People & Strategy Summer 2017 Vol. 40 Issue 3 - 63
Figure 4 illustrates leading practices for
designing a quantified workplace.
Embracing the Change
As we move toward the quantified
workplace, mistakes are inevitable: In
the world of data analytics, we often
must experiment to figure out the
true meaning of particular data. As
behavioral science research has shown,
instinct may lead to good decisions but
is prone to error. Work to understand
the needs of both your employees and
the business, and use those as variables
to create natural experiments. Pilot
programs, multiple tests, and replicated
groups around the organization are all
ways you can learn about the impact of
your data-without spending a year or
more on a massive, organization-wide
As data collection becomes more
pervasive in a connected world, so does
the potential for invasive overreach.
You should balance the analytical
insights possible from individuated
data with the need to protect privacy
by aggregating data. IoT technology
makes meaningful anonymization difficult. Designers should build in security
measures that put in place meaningful
technological and governance steps to
anonymize data shown to managers.
one minute per day, that translates
into a $14.5 million annual savings.11
If a company were to pass on even a
portion of such savings to employees
as a bonus or salary increase, it would
likely help align drivers' motivations
with organizational priorities, making
monitoring a little less ominous.
Value to the employee hardly needs
to be limited to financial rewards.
There is obvious value in making a job
easier, faster, or safer. Take firefighters,
for example. By instrumenting each
firefighter, the on-scene commanders
can more effectively deploy people at a
fire. An IoT-driven system can automatically and instantly alert individuals to
conditions they might not sense or to
dangers such as an impending building
focus, and selective behavior change.
Quality, not quantity."12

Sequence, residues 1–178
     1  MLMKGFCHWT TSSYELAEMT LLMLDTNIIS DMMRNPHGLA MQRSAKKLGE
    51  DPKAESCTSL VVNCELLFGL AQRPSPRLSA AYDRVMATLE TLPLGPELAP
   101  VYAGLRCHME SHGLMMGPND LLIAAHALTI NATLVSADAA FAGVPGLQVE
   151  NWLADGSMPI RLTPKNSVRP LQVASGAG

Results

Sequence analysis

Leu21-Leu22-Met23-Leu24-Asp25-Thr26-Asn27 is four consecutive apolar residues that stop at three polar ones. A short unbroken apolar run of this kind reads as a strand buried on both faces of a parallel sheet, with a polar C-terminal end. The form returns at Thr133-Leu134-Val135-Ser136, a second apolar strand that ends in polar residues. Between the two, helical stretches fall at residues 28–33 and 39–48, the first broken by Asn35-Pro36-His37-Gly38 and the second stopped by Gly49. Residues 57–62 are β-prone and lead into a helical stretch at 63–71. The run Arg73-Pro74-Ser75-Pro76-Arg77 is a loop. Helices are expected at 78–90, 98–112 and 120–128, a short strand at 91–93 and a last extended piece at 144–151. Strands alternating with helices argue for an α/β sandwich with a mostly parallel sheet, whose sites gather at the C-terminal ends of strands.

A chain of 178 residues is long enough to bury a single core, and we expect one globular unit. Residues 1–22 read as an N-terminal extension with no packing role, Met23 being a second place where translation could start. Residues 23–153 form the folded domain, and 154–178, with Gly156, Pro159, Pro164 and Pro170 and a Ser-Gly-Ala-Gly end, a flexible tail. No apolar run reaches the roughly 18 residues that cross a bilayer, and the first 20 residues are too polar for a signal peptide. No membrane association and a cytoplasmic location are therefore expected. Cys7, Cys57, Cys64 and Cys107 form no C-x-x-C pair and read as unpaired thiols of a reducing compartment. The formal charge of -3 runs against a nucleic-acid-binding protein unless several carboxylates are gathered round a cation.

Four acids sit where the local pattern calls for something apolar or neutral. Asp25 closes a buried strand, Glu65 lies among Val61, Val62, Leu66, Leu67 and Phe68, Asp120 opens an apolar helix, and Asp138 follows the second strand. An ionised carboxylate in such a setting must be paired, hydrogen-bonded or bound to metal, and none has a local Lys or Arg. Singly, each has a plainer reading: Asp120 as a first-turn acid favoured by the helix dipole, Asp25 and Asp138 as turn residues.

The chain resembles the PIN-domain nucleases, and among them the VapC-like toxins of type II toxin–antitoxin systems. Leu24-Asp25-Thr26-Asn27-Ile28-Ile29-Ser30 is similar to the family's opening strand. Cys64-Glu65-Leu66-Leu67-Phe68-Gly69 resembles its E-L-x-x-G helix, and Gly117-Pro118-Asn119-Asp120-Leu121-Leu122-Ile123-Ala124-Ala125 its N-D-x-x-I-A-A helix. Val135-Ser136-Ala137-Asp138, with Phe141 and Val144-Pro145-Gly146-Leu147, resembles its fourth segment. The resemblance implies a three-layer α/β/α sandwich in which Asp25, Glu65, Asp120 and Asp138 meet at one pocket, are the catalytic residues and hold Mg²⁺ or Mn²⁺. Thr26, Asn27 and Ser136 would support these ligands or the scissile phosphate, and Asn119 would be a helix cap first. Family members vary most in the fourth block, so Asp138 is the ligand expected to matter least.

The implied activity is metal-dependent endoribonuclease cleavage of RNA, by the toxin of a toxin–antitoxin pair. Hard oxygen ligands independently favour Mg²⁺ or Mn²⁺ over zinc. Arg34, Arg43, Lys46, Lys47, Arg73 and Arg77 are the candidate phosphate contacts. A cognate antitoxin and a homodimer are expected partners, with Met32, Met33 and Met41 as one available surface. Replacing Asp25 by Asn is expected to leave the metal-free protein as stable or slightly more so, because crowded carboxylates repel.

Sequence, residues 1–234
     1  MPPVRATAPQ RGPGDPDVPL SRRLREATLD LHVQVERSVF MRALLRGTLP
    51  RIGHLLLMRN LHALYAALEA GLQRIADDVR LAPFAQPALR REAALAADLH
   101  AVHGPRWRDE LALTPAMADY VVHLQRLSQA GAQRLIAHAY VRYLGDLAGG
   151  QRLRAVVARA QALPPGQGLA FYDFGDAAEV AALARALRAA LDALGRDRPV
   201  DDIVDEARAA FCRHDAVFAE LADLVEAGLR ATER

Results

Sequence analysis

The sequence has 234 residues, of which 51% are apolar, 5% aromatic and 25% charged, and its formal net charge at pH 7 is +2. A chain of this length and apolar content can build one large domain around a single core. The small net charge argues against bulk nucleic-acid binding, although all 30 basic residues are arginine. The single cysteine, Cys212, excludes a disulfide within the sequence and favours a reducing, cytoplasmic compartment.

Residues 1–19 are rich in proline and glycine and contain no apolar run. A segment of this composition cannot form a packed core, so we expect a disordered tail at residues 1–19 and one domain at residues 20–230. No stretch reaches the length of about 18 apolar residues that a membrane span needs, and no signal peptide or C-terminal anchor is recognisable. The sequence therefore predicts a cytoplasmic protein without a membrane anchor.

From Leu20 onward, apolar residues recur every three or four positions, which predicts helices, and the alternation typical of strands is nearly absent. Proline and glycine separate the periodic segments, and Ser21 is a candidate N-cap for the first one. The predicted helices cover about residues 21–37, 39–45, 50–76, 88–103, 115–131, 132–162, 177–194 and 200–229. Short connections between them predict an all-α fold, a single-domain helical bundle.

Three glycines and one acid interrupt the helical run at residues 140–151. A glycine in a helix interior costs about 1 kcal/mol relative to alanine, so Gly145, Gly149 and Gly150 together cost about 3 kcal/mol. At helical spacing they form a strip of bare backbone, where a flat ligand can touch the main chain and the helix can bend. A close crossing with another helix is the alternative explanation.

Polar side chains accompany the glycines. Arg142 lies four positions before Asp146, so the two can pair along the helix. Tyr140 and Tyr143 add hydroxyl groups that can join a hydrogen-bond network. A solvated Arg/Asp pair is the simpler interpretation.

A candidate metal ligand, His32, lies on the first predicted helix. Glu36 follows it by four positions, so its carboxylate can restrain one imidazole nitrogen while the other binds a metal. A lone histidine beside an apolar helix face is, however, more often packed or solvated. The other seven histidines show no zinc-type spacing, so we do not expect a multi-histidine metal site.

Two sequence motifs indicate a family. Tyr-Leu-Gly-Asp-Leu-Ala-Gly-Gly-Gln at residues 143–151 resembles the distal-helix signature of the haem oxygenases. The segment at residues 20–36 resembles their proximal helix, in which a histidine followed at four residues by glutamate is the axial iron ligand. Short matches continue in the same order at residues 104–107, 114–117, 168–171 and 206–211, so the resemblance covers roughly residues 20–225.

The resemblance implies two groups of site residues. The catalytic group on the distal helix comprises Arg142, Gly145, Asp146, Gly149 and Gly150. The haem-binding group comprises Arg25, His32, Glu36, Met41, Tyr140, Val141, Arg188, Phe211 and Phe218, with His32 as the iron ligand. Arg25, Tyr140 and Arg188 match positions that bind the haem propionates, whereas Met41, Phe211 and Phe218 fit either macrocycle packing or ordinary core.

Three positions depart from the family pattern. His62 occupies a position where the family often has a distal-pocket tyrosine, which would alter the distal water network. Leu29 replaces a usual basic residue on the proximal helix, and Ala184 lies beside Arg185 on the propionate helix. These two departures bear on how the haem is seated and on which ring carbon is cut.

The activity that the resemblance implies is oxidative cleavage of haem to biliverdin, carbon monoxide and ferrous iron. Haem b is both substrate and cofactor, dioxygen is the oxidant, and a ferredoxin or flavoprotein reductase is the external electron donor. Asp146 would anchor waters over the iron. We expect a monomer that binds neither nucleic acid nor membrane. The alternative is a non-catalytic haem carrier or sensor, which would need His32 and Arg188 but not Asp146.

Remember also that accumulating
high-quality data often requires capturing information over an extended
period of time. During certain times of
the year, month, or season, employees'
responsibilities may radically shift-not
to mention their behavior near the end
of a stressful quarter.
Many HR organizations have not yet
developed policies and procedures for
data governance, which will likely be
increasingly important as the current
trickle of data becomes a flood. HR
leaders will want to develop a clear
process for securing data, managing
access, and holding people accountable for security and quality standards.
Designing a Quantified
FIGURE 4 DESIGNING A QUANTIFIED WORKPLACE
Before equipping an entire workforce
with smartwatches and connected ID
badges, you should carefully consider your goals: What problem are you
trying to solve? Begin with the business
problems you want to solve first, and
then decide what data you need.
Again, many employees are reticent-justifiably so-about becoming
quantified, giving their bosses unchecked IoT-aided access to their movements, meetings, and conversations.
Promises of confidentiality notwithstanding, once potentially compromising data is in the system an employer
may not be able to guarantee that the
information will never be invoked
during an annual review. U.C. Berkeley
management professor Morten Hansen
recommends that employers aim for
"less data, less but better feedback,
VOLUME 40 | ISSUE 3 | SUMMER 2017